Doctor insights on:
Does Alcohol Affect Hdl
HDL, or high density lipoprotein, is a molecule in the body that is responsible for the transport of lipids (fats) from various organs including blood vessels back to the liver for processing and possible elimination. Because it helps prevent accumulation of lipids in blood vessels, HDL cholesterol is ...Read more
Makes it worse: Alcohol increases the level of uric acid, which is the chemical responsible for gout in predisposed individuals. In some people, gout only occurs when they are drinking. The byproducts of alcohol are excreted preferentially to the byproducts of uric acid, raising their levels, in some people raising them markedly. People with gout should not use alcohol, or drink very sparingly. ...Read moreSee 1 more doctor answer
Sometimes: Patients who are on Accutane may notice an increase in their cholesterol and triglyceride levels during their Accutane treatment. It is more common in those with a personal or family history. Fortunately, this usually resolves when one finishes the Accutane course. Simple things like dietary changes (high fiber diet, low fat) and reducing the Accutane dose is effective in lowering the levels. ...Read moreSee 1 more doctor answer
Alcohol lowers T: Check out http://pubs.niaaa.nih.gov/publications/arh25-4/282-287.htm for more indepth info on how alcohol consumption lowers testosterone production. That's not to say that you can't have a drink every now & then. But just as w/Goldilocks, excess alcohol consumption isn't good for you. ...Read more
unpredictable: Acute alcohol use can either increase or decrease the inr in a given individual. Chronic alcohol use with liver damage interferes with the production of clotting factors and will cause a more profound rise of inr with a given dose of warfarin/coumadin or, with cirrhosis, raise the inr on no anticoagulant at all. ...Read more
No, not generally: If you are on fenofibrate, it means your triglycerides are high, and alcohol can raise these free fats very high and is dangerous for you. You are also on medication for bipolar disorder, and alcohol is dangerous for that as well, worsening the disorder and also interfering with the medications you are taking. Talk to your doctor about it. Low dose alcohol (1 drink/day) can raise good cholesterol. ...Read more
Yes, but...: Niacin lowers triglycerides and mildly raises HDL (good) cholesterol and, theoretically, that should lower the risk of heart disease. However, the recent nih sponsored aim high study showed no improved outcomes when extended release Niacin was added to a statin drug. See: http://www.Aimhigh-heart.Com/ diet is good, but statins are the mainstay of therapy and nothing has been shown to be better. ...Read moreSee 3 more doctor answers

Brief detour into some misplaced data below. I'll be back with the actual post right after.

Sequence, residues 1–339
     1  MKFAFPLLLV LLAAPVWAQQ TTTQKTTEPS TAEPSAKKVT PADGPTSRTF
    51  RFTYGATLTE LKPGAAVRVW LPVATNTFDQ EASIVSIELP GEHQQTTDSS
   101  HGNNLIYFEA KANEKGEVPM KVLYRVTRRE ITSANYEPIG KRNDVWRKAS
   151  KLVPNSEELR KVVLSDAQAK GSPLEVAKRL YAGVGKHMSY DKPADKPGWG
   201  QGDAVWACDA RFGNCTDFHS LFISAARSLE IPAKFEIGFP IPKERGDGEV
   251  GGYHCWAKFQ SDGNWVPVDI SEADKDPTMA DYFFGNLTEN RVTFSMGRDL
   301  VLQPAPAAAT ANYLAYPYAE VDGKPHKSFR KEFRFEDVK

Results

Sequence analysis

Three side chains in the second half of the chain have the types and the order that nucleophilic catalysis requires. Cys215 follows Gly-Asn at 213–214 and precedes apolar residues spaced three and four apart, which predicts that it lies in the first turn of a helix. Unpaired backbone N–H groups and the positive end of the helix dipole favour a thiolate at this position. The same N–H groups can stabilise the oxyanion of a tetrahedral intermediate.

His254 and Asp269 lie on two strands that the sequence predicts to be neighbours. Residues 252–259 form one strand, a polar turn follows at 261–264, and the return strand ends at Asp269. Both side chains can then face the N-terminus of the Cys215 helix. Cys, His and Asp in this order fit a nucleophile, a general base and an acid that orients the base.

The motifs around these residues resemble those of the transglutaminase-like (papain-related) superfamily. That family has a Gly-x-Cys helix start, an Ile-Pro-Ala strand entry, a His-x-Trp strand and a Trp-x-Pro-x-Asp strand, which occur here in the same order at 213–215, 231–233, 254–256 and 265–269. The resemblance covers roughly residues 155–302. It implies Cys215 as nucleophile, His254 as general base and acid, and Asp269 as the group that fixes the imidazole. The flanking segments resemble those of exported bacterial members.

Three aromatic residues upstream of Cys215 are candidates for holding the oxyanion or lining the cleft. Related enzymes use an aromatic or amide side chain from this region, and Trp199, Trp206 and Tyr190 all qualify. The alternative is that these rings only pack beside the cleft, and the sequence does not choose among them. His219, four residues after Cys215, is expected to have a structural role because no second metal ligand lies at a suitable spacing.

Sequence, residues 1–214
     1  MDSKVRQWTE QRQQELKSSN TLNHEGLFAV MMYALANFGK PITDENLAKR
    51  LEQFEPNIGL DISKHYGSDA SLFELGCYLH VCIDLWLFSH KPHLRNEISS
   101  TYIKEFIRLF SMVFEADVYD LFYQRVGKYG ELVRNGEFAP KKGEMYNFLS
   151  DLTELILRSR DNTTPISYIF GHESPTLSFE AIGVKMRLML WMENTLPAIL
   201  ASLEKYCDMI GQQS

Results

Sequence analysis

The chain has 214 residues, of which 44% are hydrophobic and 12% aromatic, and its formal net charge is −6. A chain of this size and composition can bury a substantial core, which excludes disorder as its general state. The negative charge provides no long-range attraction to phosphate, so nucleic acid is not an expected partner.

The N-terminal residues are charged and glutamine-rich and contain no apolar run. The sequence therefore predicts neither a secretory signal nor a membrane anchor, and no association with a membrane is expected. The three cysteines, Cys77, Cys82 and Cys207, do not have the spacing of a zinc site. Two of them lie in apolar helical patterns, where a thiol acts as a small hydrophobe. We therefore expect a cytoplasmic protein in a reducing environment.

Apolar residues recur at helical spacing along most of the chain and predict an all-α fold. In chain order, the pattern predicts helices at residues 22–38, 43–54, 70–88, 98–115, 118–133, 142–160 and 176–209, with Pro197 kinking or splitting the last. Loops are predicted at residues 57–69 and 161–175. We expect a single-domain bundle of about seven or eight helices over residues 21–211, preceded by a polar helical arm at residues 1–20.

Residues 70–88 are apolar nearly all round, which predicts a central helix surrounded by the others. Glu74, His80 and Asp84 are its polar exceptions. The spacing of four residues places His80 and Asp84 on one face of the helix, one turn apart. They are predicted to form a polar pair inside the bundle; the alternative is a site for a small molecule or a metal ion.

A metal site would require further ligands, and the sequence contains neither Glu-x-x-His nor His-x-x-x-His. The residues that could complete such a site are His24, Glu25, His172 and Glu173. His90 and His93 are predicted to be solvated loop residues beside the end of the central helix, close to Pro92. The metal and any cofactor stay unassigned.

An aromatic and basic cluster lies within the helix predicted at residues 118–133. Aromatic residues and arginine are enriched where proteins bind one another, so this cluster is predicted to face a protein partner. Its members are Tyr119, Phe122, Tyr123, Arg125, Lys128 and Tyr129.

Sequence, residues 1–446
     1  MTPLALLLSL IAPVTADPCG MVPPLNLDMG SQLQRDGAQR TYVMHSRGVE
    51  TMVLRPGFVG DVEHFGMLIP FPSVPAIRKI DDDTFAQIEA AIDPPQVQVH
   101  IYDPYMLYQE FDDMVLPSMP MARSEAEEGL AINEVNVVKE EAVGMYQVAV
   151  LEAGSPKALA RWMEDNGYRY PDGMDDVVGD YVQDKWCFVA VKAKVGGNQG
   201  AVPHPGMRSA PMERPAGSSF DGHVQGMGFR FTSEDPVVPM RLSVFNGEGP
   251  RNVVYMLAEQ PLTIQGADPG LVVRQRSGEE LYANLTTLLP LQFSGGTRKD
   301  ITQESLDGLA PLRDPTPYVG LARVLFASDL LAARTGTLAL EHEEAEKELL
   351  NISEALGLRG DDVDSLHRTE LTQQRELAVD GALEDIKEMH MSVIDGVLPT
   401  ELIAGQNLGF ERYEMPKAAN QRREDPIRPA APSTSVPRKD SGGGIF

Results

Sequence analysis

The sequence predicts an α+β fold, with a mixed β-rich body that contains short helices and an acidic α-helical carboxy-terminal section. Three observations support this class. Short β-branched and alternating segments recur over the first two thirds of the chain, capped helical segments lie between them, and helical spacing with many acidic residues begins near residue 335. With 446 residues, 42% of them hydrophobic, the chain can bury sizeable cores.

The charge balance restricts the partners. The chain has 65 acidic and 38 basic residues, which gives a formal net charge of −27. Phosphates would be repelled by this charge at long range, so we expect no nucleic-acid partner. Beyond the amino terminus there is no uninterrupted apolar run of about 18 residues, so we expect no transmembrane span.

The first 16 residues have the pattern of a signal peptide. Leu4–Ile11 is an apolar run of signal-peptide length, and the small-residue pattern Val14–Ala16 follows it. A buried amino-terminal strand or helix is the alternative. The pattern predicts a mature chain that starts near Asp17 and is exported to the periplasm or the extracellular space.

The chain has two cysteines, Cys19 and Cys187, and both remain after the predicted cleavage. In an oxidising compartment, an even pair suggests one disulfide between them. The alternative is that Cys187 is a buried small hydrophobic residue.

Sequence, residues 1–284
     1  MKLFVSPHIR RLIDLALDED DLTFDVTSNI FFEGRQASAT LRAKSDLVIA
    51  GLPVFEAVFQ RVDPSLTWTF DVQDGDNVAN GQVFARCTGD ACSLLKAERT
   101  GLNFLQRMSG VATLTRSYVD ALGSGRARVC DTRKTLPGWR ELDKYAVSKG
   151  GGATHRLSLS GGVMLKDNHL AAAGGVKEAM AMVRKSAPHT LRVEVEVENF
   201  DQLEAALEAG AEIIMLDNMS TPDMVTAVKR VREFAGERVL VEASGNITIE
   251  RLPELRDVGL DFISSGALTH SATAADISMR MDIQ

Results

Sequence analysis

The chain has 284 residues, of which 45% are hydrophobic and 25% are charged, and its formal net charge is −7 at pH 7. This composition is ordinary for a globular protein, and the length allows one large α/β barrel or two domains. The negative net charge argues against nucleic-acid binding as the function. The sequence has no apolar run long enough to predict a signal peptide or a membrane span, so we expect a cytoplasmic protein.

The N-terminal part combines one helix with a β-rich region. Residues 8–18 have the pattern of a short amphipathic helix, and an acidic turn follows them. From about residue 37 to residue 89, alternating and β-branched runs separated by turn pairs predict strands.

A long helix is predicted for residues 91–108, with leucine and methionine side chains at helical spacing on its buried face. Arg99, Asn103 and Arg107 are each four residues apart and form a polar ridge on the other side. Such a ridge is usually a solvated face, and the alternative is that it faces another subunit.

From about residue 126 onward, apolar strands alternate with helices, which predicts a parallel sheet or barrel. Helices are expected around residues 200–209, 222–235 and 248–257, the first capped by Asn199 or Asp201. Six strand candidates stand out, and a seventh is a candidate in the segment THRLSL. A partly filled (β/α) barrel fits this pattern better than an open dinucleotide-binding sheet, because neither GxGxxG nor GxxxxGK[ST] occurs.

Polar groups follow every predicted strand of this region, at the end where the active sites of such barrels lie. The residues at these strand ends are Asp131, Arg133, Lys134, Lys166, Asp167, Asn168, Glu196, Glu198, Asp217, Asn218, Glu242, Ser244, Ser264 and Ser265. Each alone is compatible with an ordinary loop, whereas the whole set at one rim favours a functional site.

Yes: Alcohol can have different effects on 2 different people under otherwise similar conditions &can have different effects on the same person at different times. In part because it permeates into different areas of the brain with different effects. Many interactions with body activities possible. Alcohol is a nervous system depressant: in some cases it depresses areas that inhibit causing excitement. ...Read more
Raises it, usually: Acutely, like in alcohol poisoning it can lower your blood pressure to shock levels- in fact many alcohol ods die of shock. Chronically, in heavier drinkers (3/day on average or more), it elevates blood pressure, and in fact is a cause of secondary hypertension. For the most part, people with elevated BP should drink very much in moderation, if at all. I ask my pt's to keep it to special occasion. ...Read more
No: Cholesterol and triglycerides normally rises significantly during pregnancy, benefitting mother and fetus. Even mothers with high cholesterol are advised to stop their cholesterol medication during pregnancy. High cholesterol can be a risk only if it has already caused heart disease. In such cases, the severity of the heart disease determines the impact on pregnancy, not the cholesterol itself. ...Read moreSee 1 more doctor answer
Risk of liver cancer: Tobacco smoking is a dose-dependent risk factor for hepatocellular cancer (hcc). Other risks for hcc include: male gender (3x risk versus female), alcoholic cirrhosis (4x risk), hepatitis b & c, cirrhosis of any cause, clonorchiasis, autoimmune chronic hepatitis, hemochromatosis, alpha1-antitrypsin deficiency, glycogen storage disease, porphyria, & membranous obstruction of inferior vena cava. ...Read more
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